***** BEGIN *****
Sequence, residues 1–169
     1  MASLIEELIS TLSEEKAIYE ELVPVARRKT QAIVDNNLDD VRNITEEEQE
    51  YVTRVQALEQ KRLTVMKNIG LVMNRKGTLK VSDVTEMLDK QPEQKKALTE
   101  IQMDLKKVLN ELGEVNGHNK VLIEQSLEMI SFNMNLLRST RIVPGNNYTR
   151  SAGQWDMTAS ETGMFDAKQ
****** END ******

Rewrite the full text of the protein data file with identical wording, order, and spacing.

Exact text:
Sequence, residues 1–169
     1  MASLIEELIS TLSEEKAIYE ELVPVARRKT QAIVDNNLDD VRNITEEEQE
    51  YVTRVQALEQ KRLTVMKNIG LVMNRKGTLK VSDVTEMLDK QPEQKKALTE
   101  IQMDLKKVLN ELGEVNGHNK VLIEQSLEMI SFNMNLLRST RIVPGNNYTR
   151  SAGQWDMTAS ETGMFDAKQ